Revealed: The secret push to bury a weedkiller’s link to Parkinson’s disease - The Guardian

While numerous independent researchers have determined that the weedkiller, paraquat, can cause neurological changes that are hallmarks of Parkinson’s, Syngenta has always maintained that the evidence linking paraquat to Parkinson’s disease is “fragmentary” and “inconclusive”.

But the scientific record they point to as proof of paraquat’s safety is the same one that Syngenta officials, scientists and lawyers in the US and the UK have worked over decades to create and at times, covertly manipulate, according to the trove of internal Syngenta files reviewed by the Guardian and the New Lede.

The files reveal an array of tactics, including enlisting a prominent UK scientist and other outside researchers who authored scientific literature that did not disclose any involvement with Syngenta; misleading regulators about the existence of unfavorable research conducted by its own scientists; and engaging lawyers to review and suggest edits for scientific reports in ways that downplayed worrisome findings.

The files also show that Syngenta created what officials called a “Swat team” to be ready to respond to new independent scientific reports that could interfere with Syngenta’s “freedom to sell” paraquat. The group, also referred to as “Paraquat Communications Management Team”, was to convene “immediately on notification” of the publication of a new study, “triage the situation” and plan a response, including commissioning a “scientific critique”.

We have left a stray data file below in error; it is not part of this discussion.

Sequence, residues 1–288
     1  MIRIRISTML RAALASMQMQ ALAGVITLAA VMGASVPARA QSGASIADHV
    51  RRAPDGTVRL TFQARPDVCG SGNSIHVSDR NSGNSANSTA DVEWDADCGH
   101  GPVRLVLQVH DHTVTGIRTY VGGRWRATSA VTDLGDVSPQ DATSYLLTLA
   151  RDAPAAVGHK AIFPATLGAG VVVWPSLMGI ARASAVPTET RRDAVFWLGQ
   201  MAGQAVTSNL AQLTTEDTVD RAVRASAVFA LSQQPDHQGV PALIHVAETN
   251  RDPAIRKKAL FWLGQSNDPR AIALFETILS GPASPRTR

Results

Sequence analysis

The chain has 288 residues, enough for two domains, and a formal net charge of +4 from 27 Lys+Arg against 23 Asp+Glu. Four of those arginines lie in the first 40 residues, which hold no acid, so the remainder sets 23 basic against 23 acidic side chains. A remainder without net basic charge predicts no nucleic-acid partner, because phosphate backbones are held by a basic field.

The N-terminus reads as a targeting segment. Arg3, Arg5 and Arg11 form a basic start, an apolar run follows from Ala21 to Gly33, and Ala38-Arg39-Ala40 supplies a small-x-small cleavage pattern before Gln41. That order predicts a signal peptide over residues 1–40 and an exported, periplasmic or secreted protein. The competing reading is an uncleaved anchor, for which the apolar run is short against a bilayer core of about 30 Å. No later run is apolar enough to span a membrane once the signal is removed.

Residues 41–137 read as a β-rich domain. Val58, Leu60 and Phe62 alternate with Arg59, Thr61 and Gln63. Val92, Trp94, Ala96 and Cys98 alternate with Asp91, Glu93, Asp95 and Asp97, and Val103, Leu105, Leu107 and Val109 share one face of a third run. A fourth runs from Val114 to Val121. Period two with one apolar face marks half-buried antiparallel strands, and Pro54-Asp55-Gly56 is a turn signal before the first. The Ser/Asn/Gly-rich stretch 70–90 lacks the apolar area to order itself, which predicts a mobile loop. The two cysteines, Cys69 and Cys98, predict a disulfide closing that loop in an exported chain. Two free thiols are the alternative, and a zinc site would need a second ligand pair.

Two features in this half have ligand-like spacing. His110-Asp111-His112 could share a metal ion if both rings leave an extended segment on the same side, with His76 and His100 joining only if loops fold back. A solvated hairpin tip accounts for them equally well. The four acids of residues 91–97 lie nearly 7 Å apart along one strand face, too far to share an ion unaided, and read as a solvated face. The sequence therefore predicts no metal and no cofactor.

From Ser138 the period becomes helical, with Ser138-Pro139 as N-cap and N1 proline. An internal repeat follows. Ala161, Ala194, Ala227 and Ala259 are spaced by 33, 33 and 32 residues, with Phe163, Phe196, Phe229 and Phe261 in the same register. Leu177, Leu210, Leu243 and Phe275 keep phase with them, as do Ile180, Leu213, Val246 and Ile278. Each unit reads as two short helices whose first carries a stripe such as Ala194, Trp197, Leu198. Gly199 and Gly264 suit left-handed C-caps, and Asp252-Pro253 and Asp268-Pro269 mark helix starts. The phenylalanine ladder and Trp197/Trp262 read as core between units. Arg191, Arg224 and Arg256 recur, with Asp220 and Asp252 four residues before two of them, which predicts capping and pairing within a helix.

A key goal was to “create an international scientific consensus against the hypothesis that paraquat is a risk factor for Parkinson’s disease,” the documents state.

In another example of a company tactic, an outside lawyer hired by Syngenta to work with its scientists was asked to review and suggest edits on internal meeting minutes regarding paraquat safety. The lawyer pushed scientists to alter “problematic language” and scientific conclusions deemed “unhelpful” to the corporate defense of paraquat.

Syngenta’s decision to involve lawyers in the editing of its scientific reports and other communications in ways that downplayed concerning findings potentially related to public health is unacceptable, said Wendy Wagner, a law professor at the University of Texas who has served on several National Academies of Science committees. “Clearly the lawyers are involved in order to limit liability,” she said.

Syngenta [stated that] there had been more than 1,200 studies of paraquat and none have “established a causal connection between paraquat and Parkinson’s disease”.

Many scientists disagree with that position, however. Paraquat has been shown in some research to increase the risk of Parkinson’s by 150% and is cited in a 2020 book, Ending Parkinson’s Disease, by four of the world’s leading neurologists as a causal factor for the disease.